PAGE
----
Secretary of Veterans Affairs Robert McDonald announced what he called “the largest restructuring in the department’s history” Monday, following through on his Road to Veterans Day plan first announced in September.
Among McDonald’s biggest changes is the move to a single regional framework designed to make it easier for veterans to navigate the sprawling VA bureaucracy and access medical care in a more timely fashion. The idea, floated by McDonald in September at his first major press conference, is focused on consolidating and streamlining VA’s nine different geographic regions that govern where veterans can get their care and will also extend to the VA’s online presence. “We are too complicated from the veteran’s standpoint,” McDonald said at VA headquarters in September.
McDonald also announced the creation of a new customer service organization. “A Chief Customer Service Officer who reports to the Secretary will lead this effort. The mission of the new office will be to drive VA culture and practices to understand and respond to the expectations of our Veteran customers,” McDonald wrote in a memorandum to VA employees Nov. 10.
The reorganization also calls for the realignment of VA’s internal business processes into a shared services model in which organizations across VA can use the same support services to improve efficiency, reduce costs and increase productivity. “Right now, we’re looking at options used in the private sector to enhance our rapid delivery of services, and also at our own business processes that are suited for shared services,” McDonald wrote.
To better engage VA employees in helping to find answers to process, policy and technological problems, McDonald also announced a new intranet Web portal, My VA Idea House, where employees from across VA can submit ideas online to improve services, streamline processes and solve issues for veterans and their families. Employees will also be able to vote on submissions from their colleagues. “Sponsors will select ideas and create topic-related groups to encourage collaboration and help make the ideas a reality,” McDonald wrote. The Idea House website officially opens for submissions on Veterans Day.
McDonald’s restructuring announcement concludes his initial 90-day plan to institute a series of quick measures to correct the biggest problems standing in the way of veterans accessing timely care. McDonald referred to the approach as sustainable accountability — a top-to-bottom overhaul effort that deals with everything from training to corporate culture and website design, as well as the process and technical shortfalls that enabled some VA employees to engage in a scheduling system scandal that saw dozens of veterans die while waiting to receive medical treatment.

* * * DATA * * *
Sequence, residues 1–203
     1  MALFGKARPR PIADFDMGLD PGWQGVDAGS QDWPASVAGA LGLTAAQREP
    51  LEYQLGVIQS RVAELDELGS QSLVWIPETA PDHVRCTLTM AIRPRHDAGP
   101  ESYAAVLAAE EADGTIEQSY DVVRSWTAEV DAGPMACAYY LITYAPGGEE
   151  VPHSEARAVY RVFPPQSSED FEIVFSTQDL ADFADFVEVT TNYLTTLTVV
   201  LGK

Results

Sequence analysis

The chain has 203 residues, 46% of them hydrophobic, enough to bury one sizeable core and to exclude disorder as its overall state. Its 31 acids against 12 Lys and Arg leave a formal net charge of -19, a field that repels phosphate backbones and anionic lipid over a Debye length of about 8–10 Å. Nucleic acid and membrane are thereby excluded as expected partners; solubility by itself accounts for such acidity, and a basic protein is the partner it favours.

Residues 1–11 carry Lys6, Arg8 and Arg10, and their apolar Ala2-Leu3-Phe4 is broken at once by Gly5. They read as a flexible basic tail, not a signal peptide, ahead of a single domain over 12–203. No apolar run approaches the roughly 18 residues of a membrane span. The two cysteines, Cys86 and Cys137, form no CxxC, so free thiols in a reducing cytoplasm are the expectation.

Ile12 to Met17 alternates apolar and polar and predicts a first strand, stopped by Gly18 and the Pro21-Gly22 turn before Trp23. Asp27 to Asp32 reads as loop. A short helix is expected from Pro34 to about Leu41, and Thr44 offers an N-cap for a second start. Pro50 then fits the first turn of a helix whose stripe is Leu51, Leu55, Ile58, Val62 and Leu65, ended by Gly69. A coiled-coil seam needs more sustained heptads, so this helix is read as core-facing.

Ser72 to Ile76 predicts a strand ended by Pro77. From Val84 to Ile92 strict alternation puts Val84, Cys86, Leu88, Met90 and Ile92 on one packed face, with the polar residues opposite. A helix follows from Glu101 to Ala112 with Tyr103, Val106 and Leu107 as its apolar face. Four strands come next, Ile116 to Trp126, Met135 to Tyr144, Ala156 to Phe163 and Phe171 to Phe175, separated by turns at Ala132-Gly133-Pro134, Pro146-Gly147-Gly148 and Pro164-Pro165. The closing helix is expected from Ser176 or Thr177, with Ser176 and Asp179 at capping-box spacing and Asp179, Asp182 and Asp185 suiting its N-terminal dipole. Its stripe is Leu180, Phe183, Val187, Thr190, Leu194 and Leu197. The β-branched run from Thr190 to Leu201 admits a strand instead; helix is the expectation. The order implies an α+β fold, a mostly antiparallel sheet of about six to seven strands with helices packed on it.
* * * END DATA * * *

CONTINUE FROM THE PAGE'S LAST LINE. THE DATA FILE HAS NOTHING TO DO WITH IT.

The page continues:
Meanwhile, McDonald told CBS’ “60 Minutes” Sunday that he is reviewing potential disciplinary action against as many as 1,000 VA employees in connection with the nationwide scheduling scandal and other cases of wrongdoing. The employees range from members of the senior executive service to rank-and-file technicians, nurses and support staff. The potential punishments vary — from firings to demotions and official reprimands.
Rep. Jeff Miller, R-Fla., chairman of the House Committee on Veterans Affairs, issued a statement Monday in which he said McDonald’s restructuring effort would not succeed unless those responsible for the scheduling scandal are held accountable. “New plans, initiatives and organizational structures are all well and good, but they will not produce their intended results until VA rids itself of the employees who have shaken veterans’ trust in the system,” Miller said. “I’m disappointed that instead of fully embracing the new firing authorities Congress and President Obama gave VA as part of the Veterans Access, Choice and Accountability Act, the department has shied away from them and even added more bureaucratic red tape such as additional appeals and interminable stints on paid leave. No one doubts that reforming VA is a tough job. But getting rid of failed executives should be the easiest part – not the most difficult.”
Bill Rausch, the Washington, D.C.-based political director for the Iraq and Afghanistan Veterans of America, welcomed McDonald’s reorganization effort and said it is a critical step in the right direction. “The reorganization is crucial. He’s putting veterans first and treating us like customers,” Rausch said. “That’s critical in order for VA to change its culture.”
Rausch said IAVA and other veterans groups have participated in at least a dozen meetings with McDonald since he took office, and he applauded the new secretary for moving fast on reforms and on personnel accountability. “We know he has a tough job. And we know that a lot of those folks [responsible for misconduct] are not there anymore,” Rausch said. “We want to see the VA take further action. But we also think it’s critical that everybody get behind the VA right now. That includes Congress.”